The fact that the SEC will send 11 of its 14 teams to bowl games this season, with only Vanderbilt (0-9) and LSU (5-5) and Tennessee (dropped out of Liberty Bowl because of Covid-19 issues).
SEC commissioner Greg Sankey did his job by setting up a system which had bowl slots for his teams, but one must wonder, when it came to the issue of whether the teams actually wanted to play in a bowl game (several members of the ACC and Pac-12 rejected any possible bowl bids), whether they were given the option of playing.
The NCAA, which is on the verge of college free agency in football and basketball as well as several other issues, exasperated this issue with its "let's reward the players for trying'' edict by not needing a winning season to play in a bowl game.
In order to understand where college football is right now, it is necessary to look back at a past which, perhaps to the surprise of some millennials, dates back past the year 2000.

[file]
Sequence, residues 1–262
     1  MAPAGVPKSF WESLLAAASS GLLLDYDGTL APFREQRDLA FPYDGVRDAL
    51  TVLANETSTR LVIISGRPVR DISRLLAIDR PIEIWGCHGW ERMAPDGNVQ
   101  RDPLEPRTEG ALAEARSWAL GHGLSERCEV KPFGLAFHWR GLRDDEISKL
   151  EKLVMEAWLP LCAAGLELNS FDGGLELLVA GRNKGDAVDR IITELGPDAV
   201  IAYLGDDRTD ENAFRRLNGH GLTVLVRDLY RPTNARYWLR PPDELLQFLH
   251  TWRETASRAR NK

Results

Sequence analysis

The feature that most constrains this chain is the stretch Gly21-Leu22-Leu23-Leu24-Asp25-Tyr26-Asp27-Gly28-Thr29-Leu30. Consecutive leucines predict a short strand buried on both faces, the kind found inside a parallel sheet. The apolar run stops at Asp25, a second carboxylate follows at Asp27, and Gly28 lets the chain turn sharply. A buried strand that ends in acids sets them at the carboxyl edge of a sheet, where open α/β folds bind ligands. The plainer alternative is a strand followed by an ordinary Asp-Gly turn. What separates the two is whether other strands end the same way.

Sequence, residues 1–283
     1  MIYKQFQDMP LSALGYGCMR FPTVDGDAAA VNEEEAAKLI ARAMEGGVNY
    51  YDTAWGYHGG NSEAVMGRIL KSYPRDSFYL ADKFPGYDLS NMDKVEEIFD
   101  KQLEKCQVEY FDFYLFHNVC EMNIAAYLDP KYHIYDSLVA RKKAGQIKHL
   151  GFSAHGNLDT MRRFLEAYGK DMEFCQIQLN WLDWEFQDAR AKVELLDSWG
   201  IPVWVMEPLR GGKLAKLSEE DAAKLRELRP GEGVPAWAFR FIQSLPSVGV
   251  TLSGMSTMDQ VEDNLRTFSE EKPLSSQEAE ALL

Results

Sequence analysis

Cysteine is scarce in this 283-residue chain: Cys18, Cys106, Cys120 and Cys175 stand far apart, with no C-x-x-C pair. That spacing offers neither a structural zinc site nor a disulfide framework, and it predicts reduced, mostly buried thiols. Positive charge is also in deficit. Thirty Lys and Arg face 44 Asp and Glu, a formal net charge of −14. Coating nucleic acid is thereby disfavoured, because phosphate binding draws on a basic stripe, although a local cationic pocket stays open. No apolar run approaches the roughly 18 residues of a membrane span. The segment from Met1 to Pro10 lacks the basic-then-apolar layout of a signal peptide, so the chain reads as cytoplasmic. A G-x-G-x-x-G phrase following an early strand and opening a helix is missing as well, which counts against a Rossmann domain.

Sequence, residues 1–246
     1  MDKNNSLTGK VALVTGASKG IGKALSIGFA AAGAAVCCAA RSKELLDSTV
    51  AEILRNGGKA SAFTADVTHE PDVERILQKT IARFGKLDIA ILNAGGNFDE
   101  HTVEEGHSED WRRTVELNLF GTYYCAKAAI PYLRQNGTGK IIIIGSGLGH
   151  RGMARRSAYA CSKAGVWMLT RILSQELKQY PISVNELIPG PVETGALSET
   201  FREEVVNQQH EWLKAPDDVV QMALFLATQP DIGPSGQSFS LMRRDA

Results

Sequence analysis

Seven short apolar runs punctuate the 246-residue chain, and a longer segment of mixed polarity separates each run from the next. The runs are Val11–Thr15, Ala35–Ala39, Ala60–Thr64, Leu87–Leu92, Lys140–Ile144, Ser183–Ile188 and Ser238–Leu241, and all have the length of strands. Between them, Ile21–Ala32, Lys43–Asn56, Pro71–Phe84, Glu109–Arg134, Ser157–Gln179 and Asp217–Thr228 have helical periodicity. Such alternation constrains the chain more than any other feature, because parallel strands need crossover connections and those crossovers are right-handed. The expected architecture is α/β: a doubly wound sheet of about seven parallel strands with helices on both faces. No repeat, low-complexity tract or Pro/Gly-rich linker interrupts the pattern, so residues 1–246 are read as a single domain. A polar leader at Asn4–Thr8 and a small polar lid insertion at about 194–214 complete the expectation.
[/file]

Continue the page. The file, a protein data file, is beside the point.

For most of its modern history, college football post-season play was a Big Four Bowl system—Orange Bowl in Miami, Sugar Bowl in New Orleans, Cotton Bowl in Dallas and Rose Bowl in Pasadena.
CFB was then ruled by the Power 6 Conferences-Southeastern, Atlantic Coast, Big 8, Big 10, Southwest Conference and Pac-8 conference.
Each of the bowls had conference tie-ins.
The Rose Bowl was a closed bowl—Big Ten vs. Pac-8, then Pac-10 and now Pac-12.
The Sugar Bowl's anchor team was the SEC champ, the Orange Bowl was tied in with the Big 8 champ and then later the ACC champ, and the Cotton Bowl had the SWC champ as its anchor team.
The problem—if you want to call it that—was that the system was not set up to create a No. 1 vs. No. 2 match up.
Oh, it could happen, but rarely.
The Rose Bowl, for example, in the pre-BCS and CFB playoff days, had only two No. 1-2 match ups in its modern history—the 1963 game between Wisconsin and USC and the the 1969 game between USC and Ohio State.
Unless it happened by luck, there was no system set up to match up the No. 1 vs. No. 2 teams from different conferences outside of the Rose Bowl.
The Orange Bowl did have an historic No. 1 vs. No. 2 game in 1971 when Nebraska tangled with Alabama, which normally would have been committed to the Sugar Bowl as SEC champion.